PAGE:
Blogs

Politics and the bungling of big data

Posted by David Pegna on Nov 17, 2016 12:00:00 PM

We live in the age where big data and data science are used to predict everything from what I might want to buy on Amazon to the outcome of an election.

The results of the Brexit referendum caught many by surprise because pollsters suggested that a “stay” vote would prevail. And we all know how that turned out.

History repeated itself on Nov. 8 when U.S. president-elect Donald Trump won his bid for the White House. Most polls and pundits predicted there would be a Democratic victory, and few questioned their validity.

The Wall Street Journal article, Election Day Forecasts Deal Blow to Data Science, made three very important points about big data and data science:

  • Dark data, data that is unknown, can result in misleading predictions.
  • Asking simplistic questions yields a limited data set that produces ineffective conclusions.
  • “Without comprehensive data, you tend to get non-comprehensive predictions.”
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Topics: Data Science, cyber security, machine learning


Cybersecurity and machine learning: The right features can lead to success

Posted by David Pegna on Sep 15, 2015 9:52:24 AM

Big data is around us. However, it is common to hear from a lot of data scientists and researchers doing analytics that they need more data. How is that possible, and where does this eagerness to get more data come from?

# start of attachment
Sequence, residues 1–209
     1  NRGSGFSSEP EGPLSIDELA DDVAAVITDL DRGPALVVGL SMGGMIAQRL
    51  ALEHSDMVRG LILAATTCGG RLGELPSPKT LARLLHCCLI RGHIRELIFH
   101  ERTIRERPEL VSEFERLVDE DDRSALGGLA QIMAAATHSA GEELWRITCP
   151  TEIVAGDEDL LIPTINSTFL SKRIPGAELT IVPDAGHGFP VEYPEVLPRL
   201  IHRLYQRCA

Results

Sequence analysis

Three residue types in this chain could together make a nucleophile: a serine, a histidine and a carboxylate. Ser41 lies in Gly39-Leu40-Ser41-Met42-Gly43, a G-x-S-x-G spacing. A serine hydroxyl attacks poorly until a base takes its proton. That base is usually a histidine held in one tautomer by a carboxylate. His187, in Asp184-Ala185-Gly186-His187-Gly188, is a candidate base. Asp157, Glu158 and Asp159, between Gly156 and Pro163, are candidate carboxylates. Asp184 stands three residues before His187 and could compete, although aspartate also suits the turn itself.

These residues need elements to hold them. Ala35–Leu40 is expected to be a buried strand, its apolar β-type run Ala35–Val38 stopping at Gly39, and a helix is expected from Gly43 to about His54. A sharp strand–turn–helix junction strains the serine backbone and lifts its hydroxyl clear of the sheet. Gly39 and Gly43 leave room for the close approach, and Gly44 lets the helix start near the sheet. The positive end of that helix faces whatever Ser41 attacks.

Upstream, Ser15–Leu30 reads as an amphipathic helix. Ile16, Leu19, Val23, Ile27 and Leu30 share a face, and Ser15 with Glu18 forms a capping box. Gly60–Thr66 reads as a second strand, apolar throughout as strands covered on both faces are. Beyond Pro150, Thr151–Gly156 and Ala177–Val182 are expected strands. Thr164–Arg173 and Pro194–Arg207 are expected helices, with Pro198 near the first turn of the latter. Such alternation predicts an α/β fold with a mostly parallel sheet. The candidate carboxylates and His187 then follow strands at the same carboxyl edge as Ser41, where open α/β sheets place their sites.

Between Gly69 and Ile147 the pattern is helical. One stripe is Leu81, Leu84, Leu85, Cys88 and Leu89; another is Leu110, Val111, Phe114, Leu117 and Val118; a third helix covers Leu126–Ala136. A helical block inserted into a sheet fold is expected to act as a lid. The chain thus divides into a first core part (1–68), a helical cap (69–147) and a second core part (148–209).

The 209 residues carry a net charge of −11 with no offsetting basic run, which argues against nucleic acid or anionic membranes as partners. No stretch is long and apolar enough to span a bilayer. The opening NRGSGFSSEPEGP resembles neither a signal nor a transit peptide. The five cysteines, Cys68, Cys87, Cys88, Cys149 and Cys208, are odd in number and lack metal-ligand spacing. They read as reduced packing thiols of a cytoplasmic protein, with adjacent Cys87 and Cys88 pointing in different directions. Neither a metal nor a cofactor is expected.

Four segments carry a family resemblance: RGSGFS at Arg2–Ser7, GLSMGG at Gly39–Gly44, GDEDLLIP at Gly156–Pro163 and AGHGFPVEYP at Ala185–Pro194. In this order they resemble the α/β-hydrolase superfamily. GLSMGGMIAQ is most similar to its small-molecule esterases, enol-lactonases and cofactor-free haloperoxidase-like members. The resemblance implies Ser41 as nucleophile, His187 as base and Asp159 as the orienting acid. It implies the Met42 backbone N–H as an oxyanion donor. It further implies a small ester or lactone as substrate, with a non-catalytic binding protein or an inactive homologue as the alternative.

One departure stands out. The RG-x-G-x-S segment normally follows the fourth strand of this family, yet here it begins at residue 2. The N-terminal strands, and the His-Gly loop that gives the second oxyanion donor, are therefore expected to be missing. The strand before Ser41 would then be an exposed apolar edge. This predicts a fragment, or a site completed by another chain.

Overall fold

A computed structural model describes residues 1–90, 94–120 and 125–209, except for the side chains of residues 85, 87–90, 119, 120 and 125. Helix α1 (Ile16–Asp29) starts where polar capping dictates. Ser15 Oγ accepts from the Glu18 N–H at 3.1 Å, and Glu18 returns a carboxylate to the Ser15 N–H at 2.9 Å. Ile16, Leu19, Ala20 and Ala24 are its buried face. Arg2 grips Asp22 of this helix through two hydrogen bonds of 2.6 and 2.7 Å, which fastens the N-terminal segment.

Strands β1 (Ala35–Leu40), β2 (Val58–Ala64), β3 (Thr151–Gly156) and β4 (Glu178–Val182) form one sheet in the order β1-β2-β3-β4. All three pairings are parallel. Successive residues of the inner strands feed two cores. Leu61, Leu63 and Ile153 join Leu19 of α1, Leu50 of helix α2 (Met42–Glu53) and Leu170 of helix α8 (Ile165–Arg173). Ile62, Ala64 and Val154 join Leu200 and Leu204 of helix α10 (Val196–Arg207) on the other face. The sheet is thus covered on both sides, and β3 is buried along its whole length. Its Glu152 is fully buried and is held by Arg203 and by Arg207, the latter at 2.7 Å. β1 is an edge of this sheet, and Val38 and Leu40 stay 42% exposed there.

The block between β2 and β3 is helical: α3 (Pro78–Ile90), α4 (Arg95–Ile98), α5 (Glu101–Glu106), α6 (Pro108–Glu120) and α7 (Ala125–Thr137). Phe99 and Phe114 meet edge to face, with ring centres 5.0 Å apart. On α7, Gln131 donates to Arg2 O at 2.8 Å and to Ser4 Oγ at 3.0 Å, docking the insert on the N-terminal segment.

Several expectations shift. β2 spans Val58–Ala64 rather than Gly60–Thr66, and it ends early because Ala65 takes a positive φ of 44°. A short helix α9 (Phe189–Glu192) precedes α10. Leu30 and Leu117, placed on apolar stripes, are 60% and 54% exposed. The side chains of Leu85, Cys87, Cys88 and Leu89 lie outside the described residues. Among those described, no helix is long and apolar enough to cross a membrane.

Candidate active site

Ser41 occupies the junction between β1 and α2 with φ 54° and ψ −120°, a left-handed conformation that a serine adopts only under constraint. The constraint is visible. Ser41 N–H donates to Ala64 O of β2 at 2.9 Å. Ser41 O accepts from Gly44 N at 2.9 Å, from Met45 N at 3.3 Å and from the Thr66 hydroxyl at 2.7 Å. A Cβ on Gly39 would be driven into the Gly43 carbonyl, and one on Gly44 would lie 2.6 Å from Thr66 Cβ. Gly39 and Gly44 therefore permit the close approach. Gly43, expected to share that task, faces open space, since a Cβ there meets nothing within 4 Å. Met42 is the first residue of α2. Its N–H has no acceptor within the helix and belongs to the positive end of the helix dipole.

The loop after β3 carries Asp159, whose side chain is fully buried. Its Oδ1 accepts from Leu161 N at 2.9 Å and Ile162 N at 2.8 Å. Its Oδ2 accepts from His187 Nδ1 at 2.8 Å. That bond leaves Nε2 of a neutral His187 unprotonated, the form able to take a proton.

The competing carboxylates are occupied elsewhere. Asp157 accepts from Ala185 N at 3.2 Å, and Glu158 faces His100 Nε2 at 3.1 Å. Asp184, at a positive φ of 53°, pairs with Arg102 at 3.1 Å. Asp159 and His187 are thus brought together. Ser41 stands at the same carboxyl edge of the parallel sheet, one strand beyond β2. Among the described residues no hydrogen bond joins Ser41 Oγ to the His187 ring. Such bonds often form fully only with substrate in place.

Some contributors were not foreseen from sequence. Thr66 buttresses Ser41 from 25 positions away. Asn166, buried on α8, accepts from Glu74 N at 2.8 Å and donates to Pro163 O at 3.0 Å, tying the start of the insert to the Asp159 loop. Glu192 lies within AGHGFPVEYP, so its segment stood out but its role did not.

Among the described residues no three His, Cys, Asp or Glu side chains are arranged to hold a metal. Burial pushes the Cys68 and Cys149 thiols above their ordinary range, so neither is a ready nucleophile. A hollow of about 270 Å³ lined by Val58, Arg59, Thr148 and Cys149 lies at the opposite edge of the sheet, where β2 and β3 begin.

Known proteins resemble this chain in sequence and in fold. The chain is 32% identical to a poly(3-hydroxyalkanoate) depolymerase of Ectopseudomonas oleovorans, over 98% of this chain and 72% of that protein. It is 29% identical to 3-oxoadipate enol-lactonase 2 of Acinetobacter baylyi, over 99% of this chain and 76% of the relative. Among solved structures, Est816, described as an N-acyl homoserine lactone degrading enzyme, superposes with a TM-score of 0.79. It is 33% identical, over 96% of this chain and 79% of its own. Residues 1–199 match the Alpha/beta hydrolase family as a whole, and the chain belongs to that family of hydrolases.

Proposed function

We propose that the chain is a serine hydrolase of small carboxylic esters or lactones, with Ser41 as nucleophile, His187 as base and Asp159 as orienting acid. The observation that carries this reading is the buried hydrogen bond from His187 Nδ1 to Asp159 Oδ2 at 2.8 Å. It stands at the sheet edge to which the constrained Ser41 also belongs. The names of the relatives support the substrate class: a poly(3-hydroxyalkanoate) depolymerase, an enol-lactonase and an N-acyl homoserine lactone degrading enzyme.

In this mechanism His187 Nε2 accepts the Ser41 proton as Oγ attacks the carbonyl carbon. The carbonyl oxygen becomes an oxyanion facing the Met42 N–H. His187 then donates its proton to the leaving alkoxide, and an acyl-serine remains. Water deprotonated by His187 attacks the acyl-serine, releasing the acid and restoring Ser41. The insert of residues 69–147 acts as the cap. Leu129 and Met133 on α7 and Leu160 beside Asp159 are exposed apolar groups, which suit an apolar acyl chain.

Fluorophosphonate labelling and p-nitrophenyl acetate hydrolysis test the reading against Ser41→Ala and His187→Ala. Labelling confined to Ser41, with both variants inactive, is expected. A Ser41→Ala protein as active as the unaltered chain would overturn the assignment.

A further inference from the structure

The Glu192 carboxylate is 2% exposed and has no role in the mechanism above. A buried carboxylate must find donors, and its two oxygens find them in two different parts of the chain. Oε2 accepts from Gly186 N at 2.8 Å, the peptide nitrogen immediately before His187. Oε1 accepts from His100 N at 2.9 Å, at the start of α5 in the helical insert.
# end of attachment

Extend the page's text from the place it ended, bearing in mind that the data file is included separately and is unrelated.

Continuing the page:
Very often, data scientists need lots of data to train sophisticated machine-learning models. The same applies when using machine-learning algorithms for cybersecurity. Lots of data is needed in order to build classifiers that identify, among many different targets, malicious behavior and malware infections. In this context, the eagerness to get vast amounts of data comes from the need to have enough positive samples — such as data from real threats and malware infections — that can be used to train machine-learning classifiers.

Is the need for large amounts of data really justified? It depends on the problem that machine learning is trying to solve. But exactly how much data is needed to train a machine-learning model should always be associated with the choice of features that are used.

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Topics: Data Science, cyber security


Automate detection of cyber threats in real time. Why wait?

Posted by Jerish Parapurath on May 15, 2015 10:01:43 AM

Time is a big expense when it comes to detecting cyber threats and malware. The proliferation of new malware variants makes it impossible to detect and prevent zero-day threats in real-time. Sandboxing takes at least 30 minutes to analyze a file and deliver a signature – and by then, threats will have spread to many more endpoints.